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When I run a PETSc example in parallel with the flag "-log_summary", the first two tables of information look something like this:

                         Max       Max/Min        Avg      Total 
Time (sec):           2.512e-01      1.00547   2.505e-01
Objects:              5.800e+01      1.00000   5.800e+01
Flops:                3.271e+05      1.00590   3.262e+05  1.305e+06
Flops/sec:            1.309e+06      1.01141   1.302e+06  5.207e+06
Memory:               2.471e+05      1.00599              9.856e+05
MPI Messages:         5.200e+01      2.00000   3.900e+01  1.560e+02
MPI Message Lengths:  1.569e+04      2.00000   3.017e+02  4.706e+04
MPI Reductions:       5.060e+02      1.00000

Summary of Stages:   ----- Time ------  ----- Flops -----  --- Messages ---  -- Message Lengths --  -- Reductions --
                        Avg     %Total     Avg     %Total   counts   %Total     Avg         %Total   counts   %Total 
 0:      Main Stage: 2.3873e-01  95.3%  1.3047e+06 100.0%  1.440e+02  92.3%  2.954e+02       97.9%  4.870e+02  96.2% 
 1:        Assembly: 1.1753e-02   4.7%  0.0000e+00   0.0%  1.200e+01   7.7%  6.308e+00        2.1%  1.800e+01   3.6% 

When I am profiling the parallel performance, I usually think that I should use some sort of "total execution time" metric. However, the log_summary seems to give several measures of time. Which among them can I use as the "overall execution time"? Are there other metrics which are important to pay attention to when profiling the performance?

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    $\begingroup$ Most problems/questions that you seem to have with PETSc are all discussed in the manual. $\endgroup$ – stali Jan 26 '12 at 17:08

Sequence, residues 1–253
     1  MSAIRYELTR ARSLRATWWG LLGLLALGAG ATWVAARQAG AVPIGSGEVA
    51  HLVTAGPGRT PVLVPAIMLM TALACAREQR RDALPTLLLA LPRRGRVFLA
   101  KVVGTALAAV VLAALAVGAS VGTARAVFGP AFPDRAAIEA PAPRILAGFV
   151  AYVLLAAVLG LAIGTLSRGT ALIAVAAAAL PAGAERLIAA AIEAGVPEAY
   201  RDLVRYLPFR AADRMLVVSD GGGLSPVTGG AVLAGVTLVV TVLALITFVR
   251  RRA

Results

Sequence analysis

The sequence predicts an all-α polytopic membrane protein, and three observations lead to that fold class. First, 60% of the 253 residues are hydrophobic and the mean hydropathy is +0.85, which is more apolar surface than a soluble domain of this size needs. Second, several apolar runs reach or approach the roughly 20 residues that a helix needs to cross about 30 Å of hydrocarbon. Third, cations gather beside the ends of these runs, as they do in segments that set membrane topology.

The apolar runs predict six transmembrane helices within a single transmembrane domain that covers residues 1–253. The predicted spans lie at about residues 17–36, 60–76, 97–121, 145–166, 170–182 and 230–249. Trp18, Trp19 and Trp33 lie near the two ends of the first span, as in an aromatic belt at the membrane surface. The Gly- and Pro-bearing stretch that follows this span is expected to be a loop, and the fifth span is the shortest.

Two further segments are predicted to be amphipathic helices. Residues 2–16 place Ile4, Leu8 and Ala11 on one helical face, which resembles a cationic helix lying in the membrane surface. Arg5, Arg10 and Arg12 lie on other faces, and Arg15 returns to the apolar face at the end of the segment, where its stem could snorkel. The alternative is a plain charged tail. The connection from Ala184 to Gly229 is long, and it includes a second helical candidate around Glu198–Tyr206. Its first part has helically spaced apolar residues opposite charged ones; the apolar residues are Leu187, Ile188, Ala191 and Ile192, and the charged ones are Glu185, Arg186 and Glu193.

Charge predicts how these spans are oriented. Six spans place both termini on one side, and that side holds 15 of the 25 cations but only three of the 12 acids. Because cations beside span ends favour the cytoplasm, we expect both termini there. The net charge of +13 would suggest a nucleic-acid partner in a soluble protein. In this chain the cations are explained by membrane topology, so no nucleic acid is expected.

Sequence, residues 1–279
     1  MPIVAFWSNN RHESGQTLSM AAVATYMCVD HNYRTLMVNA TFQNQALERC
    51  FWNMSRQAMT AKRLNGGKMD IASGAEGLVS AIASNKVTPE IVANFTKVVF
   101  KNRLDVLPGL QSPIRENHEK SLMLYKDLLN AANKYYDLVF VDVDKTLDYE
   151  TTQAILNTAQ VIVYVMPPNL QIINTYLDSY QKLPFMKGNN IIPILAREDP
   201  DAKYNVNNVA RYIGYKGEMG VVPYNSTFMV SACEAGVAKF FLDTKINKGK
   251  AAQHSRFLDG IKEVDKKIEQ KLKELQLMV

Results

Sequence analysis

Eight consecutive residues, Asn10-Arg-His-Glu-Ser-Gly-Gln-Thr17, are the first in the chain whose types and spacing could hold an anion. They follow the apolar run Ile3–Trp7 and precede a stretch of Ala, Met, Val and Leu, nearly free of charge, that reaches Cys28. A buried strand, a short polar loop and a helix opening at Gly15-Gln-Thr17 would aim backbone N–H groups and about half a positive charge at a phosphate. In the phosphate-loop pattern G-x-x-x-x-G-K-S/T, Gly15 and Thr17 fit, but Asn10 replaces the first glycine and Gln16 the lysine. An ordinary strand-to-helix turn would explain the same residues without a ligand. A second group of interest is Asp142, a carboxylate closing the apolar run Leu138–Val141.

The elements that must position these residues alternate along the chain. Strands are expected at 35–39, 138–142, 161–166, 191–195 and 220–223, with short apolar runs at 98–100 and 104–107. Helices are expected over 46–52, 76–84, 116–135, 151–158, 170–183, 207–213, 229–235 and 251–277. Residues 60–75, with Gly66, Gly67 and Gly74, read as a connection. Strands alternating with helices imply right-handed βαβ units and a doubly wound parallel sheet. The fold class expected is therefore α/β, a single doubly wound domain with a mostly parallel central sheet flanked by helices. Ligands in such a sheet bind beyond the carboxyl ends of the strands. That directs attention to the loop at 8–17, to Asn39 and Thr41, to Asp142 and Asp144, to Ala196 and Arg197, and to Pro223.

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PETSc keeps profile statistics on each MPI process, then reduces them to obtain an average, maximum, and minimum for each. If you are interested in the total execution time of your job, that will be equivalent to the first entry in the first column, though I should warn you that 0.2 seconds is likely not an interesting example to study for profiling.

If you are concerned about load balance, you would look at the max/min ratio and the average (your job seems fairly balanced). The other metrics can give you a better understanding of where time is being spent in your code, as the PETSc library provides lightweight profiling, flop counting, and MPI message tracking.

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    $\begingroup$ The manual has a huge section on this as well. Teach a practitioner how to read -log_summary and they'll be back asking about performance bottlenecks in their PETSc code. Teach them to read the PETSc manual and they'll ... read the PETSc manual. mcs.anl.gov/petsc/petsc-current/docs/manual.pdf $\endgroup$ – Peter Brune Jan 27 '12 at 0:19

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